(London Post) Ten candidates and a variety of genres entered the fray at the German national finals for the 2016 Eurovision Song Contest. In the end, a 17-year-old singer styled in Japanese Manga came out on top.
After learning of her victory, Jamie-Lee Kriewitz made a sign of the heart with her fingers – the signature gesture coined by 2010 Eurovision winner Lena Meyer-Landrut, another petite, dark-haired, school-age charmer from Germany.
In perfect control of her voice, Kriewitz gave her performance on a dreamlike set with an oversized moon. Her extravagant garb – a colorful dress and outlandish headdress complete with a bow tie, stuffed animal and extraterrestrial antennae – was reminiscent of a Japanese Manga comic figure: an appearance that was evidently equally popular with spectators. Interested in K-pop and South Korea, Kriewitz intends to pursue a degree in Korean studies.
Genuine ESC spirits
Die-hard ESC fans had lined up hours before the televised show. The mood in the hall was upbeat. Fan clubs and artists came in droves, many sporting ESC fan articles like scarves and flags.
Host Barbara Schöneberger began with an irreverent medley of earlier Eurovision songs, taking jabs at recent scandals plaguing Germany at the world’s biggest music event: soul singer Xavier Naidoo being initially nominated for the current season, then withdrawn after his controversial political views came to light; and last year’s default candidate Anne Sophie landing at the bottom of the heap with zero points – after national favorite Andreas Kümmert had declined the honor in the German preliminary.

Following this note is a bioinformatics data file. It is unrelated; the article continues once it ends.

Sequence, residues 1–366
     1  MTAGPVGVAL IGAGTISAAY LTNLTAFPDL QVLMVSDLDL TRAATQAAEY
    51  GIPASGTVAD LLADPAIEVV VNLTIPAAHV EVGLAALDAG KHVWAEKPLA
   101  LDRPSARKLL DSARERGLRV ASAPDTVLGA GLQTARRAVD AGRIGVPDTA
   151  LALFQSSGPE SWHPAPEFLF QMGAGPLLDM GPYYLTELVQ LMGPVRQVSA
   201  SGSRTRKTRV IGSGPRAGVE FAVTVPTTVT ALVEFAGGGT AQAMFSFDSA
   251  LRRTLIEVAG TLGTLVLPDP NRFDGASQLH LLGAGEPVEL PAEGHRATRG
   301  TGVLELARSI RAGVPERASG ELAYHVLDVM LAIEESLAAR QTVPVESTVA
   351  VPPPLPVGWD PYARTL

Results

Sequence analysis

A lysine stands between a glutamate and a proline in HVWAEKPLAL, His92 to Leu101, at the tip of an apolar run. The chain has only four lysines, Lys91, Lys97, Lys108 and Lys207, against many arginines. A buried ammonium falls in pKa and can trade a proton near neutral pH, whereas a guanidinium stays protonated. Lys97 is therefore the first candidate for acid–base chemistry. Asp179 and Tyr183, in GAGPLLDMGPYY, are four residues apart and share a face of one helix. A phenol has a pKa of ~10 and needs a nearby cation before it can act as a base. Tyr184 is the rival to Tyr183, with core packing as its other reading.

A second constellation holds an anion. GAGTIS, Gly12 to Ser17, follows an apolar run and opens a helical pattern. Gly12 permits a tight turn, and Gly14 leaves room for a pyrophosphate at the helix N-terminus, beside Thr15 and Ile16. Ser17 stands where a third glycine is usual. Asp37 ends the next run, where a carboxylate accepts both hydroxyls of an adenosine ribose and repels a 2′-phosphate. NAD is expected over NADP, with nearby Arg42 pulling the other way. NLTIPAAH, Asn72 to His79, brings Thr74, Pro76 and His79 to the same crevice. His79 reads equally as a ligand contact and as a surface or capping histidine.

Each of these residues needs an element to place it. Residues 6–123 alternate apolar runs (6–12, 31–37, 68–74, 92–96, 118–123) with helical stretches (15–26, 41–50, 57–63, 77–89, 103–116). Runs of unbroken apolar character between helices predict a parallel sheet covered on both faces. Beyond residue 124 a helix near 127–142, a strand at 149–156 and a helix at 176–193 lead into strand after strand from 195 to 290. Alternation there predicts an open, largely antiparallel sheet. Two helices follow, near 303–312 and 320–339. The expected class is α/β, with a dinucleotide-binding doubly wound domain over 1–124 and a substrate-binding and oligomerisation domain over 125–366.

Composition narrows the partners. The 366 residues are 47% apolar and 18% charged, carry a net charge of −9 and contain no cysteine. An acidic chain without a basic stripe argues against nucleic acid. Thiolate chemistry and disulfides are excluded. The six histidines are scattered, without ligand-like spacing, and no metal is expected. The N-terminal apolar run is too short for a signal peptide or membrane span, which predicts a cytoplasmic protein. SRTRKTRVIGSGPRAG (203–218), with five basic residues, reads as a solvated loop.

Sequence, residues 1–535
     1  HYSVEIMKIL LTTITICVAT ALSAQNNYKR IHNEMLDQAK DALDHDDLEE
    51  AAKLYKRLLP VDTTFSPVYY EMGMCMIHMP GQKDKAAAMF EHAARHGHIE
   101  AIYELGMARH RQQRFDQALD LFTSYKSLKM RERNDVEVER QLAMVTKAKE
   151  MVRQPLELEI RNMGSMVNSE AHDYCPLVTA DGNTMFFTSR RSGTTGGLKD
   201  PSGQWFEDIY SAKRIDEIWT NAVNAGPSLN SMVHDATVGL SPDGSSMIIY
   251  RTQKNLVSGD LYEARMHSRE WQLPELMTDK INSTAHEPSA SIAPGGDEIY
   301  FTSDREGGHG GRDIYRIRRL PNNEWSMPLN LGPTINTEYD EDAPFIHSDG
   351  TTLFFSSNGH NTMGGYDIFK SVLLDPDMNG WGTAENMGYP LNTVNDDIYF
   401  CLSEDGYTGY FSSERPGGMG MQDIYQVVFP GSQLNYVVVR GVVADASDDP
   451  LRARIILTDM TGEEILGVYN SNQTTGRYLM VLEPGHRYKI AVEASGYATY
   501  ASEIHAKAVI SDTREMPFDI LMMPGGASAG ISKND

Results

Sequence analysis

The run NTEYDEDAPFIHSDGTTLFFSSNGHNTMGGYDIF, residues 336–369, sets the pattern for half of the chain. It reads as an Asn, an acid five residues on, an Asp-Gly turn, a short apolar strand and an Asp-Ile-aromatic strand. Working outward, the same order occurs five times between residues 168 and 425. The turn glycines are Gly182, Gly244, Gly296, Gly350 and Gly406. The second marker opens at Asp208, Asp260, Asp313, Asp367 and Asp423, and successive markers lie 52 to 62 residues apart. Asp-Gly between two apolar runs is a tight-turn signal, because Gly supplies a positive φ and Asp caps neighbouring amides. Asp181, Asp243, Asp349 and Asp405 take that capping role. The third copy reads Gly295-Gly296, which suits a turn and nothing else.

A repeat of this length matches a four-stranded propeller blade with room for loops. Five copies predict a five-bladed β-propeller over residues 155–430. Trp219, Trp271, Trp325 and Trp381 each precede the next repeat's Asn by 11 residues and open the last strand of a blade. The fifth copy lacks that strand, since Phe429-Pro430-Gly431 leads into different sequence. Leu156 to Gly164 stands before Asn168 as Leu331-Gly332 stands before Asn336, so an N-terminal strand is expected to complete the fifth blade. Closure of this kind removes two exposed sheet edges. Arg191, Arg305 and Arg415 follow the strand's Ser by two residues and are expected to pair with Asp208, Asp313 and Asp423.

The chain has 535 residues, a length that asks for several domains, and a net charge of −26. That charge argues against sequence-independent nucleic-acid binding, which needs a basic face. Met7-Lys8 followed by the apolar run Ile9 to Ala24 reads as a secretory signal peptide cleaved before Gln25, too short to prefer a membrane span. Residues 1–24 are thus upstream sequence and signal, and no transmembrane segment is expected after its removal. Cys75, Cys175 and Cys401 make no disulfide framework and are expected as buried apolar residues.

Schöneberger therefore made it clear: whoever wins this year’s national finals will unmistakably go on to the competition in Stockholm, Sweden, which concludes on May 14. There was no objection from Jamie-Lee Kriewitz, who said she would carefully prepare for the Eurovision finale.
After the ten acts had performed, three finalists were chosen by televoting, the other two being Alex Diehl – the corpulent guitarist and singer whose song “Nur ein Lied” (“Just one song”) had been created and gone viral within hours after the terrorist attacks in Paris in November 2015 – and hard rockers Avantasia.
Solo female singers are a trend at this year’s song competition in Stockholm, turning up frequently among the candidates from other countries that have been announced to date.